Report on the 2001 Leonid Meteor Shower

I began my observations at 8:30 UT. While it was mostly clear, there was some haze, and the transparency was only around 4.8. On the best nights the transparency can be almost a full magnitude fainter. The temperature was 29 degrees, but now and then there was a breeze that made it feel colder with the wind chill. Between 8:30 and 9:00 UT I counted 40 meteors. They all left trains, most of the trains green in color, and some of the meteors were bright. There were some times when there would be a minute or two between meteors.

Between 9:00 and 9:30 UT, the intensity picked up, and I counted another 71, for a total of 111. There were several notable meteors during this time. Two bright meteors flashed near Sirius, one above, that had an estimated magnitude of -2, while a couple minutes later the second one flashed below Sirius with an estimated magnitude of -1. A few minutes later four meteors flashed in opposite directions between the legs of the Ursa Major, reminding me of a fireworks starburst display.

Between 9:30 and 10:00 UT the intensity continued to pick up, and I counted another 124, bringing the total to 235. One of the brightest meteors I saw during the display occurred during this time, between -4 and -5, in the eastern sky to the northeast of Arcturus. It was orange and left an orange train. By now the transparency had increased to 5.0. A number of meteors cast shadows.

There were two times between 9:00 and 10:00 UT that I saw something unusual. While scanning my eyes through Leo I saw what appeared to be point meteors near his head: they appeared, briefly brightened, and then disappeared without leaving a train. These did not appear to be satellites.

Even with the start of astronomical twilight after 10:00 UT, the intensity of the meteors continued to increase. Many meteors were visible per minute, often three or four at the same time. A number of bright green meteors were seen that appeared to break into two and leave long trains. Even by 10:45 UT, less then a hour before sunrise, with many of the fainter stars fading away as morning twilight grew, a number of meteors were still visible. Between 10:00 and 10:45 UT and 307 meteors were counted. This brought the total number of meteors observed to 542, after 2 hours and 15 minutes of observation. According to the November issue of S&T, it is likely that what I was observing was the 1766 dust trail of Comet Tempel-Tuttle. It was a great display to watch and one I will always remember.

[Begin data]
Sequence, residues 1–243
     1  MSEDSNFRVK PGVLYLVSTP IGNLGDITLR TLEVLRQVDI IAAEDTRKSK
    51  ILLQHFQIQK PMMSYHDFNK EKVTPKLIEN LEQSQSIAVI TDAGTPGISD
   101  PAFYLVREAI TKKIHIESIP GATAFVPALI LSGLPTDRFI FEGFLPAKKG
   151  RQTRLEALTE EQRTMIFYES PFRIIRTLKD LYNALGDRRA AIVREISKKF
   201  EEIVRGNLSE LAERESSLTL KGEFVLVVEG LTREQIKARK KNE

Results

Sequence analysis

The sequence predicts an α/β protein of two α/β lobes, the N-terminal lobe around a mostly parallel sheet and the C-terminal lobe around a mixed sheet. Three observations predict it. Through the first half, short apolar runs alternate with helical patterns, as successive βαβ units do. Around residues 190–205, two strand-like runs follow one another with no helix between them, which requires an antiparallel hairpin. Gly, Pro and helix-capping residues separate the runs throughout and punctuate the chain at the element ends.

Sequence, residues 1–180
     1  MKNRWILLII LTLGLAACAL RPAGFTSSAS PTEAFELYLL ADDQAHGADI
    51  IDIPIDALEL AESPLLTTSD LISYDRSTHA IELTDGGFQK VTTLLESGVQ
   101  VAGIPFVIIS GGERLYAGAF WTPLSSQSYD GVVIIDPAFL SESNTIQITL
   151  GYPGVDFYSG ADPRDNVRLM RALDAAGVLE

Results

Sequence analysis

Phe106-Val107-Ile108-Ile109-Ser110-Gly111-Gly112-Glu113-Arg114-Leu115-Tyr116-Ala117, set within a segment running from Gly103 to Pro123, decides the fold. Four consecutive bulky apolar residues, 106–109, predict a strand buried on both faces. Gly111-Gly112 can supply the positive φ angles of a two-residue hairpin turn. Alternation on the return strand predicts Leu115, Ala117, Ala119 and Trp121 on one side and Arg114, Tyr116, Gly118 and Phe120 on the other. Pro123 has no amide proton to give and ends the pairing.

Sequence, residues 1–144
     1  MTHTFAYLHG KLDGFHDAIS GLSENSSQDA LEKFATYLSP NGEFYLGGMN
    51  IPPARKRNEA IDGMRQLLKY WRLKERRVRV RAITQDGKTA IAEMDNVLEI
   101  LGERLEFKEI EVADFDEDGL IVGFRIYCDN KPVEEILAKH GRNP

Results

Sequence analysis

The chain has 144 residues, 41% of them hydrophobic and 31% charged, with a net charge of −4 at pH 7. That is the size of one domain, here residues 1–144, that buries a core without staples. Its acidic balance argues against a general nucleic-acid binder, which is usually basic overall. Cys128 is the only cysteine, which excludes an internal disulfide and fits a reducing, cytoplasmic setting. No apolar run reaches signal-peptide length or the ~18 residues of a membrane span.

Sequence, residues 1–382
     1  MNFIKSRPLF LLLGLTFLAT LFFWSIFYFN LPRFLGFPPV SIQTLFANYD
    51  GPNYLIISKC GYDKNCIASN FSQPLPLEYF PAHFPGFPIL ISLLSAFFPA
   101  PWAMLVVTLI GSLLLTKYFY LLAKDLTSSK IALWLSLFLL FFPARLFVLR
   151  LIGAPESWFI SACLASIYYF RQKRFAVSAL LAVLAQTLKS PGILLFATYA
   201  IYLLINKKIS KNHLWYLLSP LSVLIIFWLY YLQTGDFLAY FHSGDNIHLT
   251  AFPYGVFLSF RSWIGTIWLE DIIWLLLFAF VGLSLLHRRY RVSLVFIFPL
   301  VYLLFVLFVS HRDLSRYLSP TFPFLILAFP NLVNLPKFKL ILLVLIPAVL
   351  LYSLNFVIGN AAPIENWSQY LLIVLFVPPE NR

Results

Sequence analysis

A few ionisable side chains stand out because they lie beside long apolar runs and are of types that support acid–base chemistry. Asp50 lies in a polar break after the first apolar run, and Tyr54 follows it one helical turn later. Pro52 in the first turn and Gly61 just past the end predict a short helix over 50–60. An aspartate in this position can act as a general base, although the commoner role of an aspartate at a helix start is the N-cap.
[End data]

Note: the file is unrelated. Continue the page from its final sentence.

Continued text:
As an update, according to preliminary meteor rates from the International Meteor Organization for the 2001 Leonid Meteor Shower, there appear to have been two peaks: one was at 10:45 UT, with the meteors per hour or ZHR of 1000, and the second one at 18:45 UT, with the meteors per hour or ZHR of 3000. The chart can be seen at: .

Report on the 2002 Leonid Meteor Shower

The weather forecast for the Leonids did not look promising. High clouds were predicted to move in, but I decided to check the conditions around 8:00 UT anyway. There were indeed high clouds around, and with the light from the almost full moon I could only see a few of the brighter stars. I figured that I wasn't going to be able to see any meteors, but decided to check again at 9:00 UT.

When I checked again at 9:00 UT to my surprise there were still a lot of high clouds, in particular to the south and north, but there was an opening to the east, overhead, and west. So I got dressed in my heavy winter clothing and headed outside. It was cold, in the lower 20's, but there was no wind so it didn't feel too cold. One of the first things I noticed was how quiet it was. Once in a while I heard an owl, and later a couple of roosters, but little else.

Overhead I noted that the limiting magnitude wasn't very good, between 2-3. Still, I began to see Leonids. As with last year, there were a number of faint ones, a few brighter ones that were green in color, and some brighter ones that were orange-green. Many meteors left trains. One I estimated to be between -4.5 and 5.0. A couple of other ones were as bright as Jupiter, around -2.2. Just by chance a pair went past Jupiter on either side at the same time. I saw also what appeared to be point meteors. In the eastern sky I noted that Venus, Mars, and Spica formed a triangle.

With the high clouds however I did not see as many as last year. After 10:00 UT the high clouds began to fill in the opening to the east, west and overhead, even though the intensity picked up. So between 9:20 UT - 10:20 UT I counted 91, and another 36 by 10:40 UT, for a total of 127. By comparison last year I saw 542 in a little over two hours. Still, considering the weather conditions I felt fortunate to see any.